There are many different ways to secure data on computers, but not all of them offer the protection you think they do. In this article I am going to list several different types of security and some advantages and disadvantages of each. These are concepts that often come into play when repairing computers and having a firm understanding of them will enable you to make better decisions about what to do or what not to do with your data.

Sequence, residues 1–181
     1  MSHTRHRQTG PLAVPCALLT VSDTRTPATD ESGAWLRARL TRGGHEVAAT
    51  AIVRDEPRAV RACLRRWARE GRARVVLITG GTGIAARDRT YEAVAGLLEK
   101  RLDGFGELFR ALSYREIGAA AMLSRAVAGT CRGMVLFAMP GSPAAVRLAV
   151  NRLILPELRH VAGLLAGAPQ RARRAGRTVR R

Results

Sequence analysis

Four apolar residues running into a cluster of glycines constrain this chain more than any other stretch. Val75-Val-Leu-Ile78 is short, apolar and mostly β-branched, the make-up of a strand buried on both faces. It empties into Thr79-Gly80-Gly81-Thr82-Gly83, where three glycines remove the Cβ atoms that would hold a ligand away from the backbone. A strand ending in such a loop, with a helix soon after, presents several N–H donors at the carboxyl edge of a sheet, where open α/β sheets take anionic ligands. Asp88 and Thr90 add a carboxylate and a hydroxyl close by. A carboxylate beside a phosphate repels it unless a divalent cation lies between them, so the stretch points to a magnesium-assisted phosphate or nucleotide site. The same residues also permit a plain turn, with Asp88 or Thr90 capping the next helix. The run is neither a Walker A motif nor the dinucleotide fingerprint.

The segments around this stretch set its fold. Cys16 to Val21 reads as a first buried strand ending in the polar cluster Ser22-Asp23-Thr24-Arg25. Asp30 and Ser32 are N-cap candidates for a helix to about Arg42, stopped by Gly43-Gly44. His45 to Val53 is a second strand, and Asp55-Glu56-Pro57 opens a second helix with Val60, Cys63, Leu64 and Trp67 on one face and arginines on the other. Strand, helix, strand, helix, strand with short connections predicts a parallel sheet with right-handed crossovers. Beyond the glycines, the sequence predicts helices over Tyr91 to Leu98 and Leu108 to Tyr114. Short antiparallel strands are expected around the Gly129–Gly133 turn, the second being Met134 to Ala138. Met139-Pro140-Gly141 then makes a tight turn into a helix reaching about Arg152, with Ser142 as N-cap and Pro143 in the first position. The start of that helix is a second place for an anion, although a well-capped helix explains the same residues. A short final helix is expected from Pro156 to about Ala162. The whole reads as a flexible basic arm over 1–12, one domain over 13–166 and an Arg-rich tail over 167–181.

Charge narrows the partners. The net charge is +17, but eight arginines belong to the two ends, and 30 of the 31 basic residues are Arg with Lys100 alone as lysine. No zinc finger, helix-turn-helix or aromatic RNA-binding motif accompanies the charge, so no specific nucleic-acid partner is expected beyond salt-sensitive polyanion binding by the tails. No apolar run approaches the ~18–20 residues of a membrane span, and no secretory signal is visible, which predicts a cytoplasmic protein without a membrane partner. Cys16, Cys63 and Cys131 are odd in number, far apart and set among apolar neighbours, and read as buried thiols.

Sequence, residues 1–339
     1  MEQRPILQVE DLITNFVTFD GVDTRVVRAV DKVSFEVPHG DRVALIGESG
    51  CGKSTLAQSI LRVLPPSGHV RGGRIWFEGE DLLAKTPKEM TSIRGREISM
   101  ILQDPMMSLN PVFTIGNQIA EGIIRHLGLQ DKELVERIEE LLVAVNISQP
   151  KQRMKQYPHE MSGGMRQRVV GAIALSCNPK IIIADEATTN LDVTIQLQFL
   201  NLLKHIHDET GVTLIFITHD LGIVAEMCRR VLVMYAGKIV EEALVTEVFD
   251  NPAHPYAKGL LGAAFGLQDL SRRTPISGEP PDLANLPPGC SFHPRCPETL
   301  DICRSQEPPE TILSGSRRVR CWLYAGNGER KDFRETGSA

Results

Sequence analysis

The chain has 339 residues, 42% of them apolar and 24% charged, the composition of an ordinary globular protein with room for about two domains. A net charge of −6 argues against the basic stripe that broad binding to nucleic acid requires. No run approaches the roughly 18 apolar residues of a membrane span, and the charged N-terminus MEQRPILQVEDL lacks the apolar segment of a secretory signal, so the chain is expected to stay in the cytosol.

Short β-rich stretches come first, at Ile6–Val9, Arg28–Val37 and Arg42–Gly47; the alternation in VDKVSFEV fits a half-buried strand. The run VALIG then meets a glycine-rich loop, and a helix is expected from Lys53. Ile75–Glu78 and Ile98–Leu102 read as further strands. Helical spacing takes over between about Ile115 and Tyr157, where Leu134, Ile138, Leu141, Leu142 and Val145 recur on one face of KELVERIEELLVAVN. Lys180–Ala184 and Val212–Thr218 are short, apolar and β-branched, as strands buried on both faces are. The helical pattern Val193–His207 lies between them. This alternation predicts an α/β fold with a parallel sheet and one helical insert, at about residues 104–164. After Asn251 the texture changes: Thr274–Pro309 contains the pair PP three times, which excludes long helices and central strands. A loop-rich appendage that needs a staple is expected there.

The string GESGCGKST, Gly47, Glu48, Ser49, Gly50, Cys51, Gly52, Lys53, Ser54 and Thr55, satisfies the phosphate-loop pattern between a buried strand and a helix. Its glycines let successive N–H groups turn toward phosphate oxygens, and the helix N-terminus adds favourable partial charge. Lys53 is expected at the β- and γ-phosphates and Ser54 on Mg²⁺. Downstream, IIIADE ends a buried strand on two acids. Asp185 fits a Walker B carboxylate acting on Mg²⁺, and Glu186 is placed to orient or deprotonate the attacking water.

This is probably the very first thing most of you think of when you hear talk of computer security. A Windows Login Password is configured by a user (or their admin) and is required by Windows after the computer has booted but before a user may log into the computer. There is even a good chance you believe that a lengthy and complicated password here will protect your data. Unfortunately, this couldn't be further from the truth. The Windows Login Password is one of the simplest forms of security to bypass and does little but protect you from a casual snoop. The fact of the matter is that setting a login password usually does nothing to encrypt your files or hard drive, and as a result, anyone with physical access to (this means possession of) your computer and a few basic tools would be able to copy your data, pictures, and documents, to another computer or external hard drive. Someone who steals your computer, or even has more than a few minutes with it unattended (like a house sitter or a weekend guest left alone), can easily get at your data by booting from an external flash drive or removing the hard drive and transferring the data to a different device. By itself, a Windows Login Password doesn't do much for your security. You'd be safer to keep looking for other options if you want to have any reasonable privacy on your computer.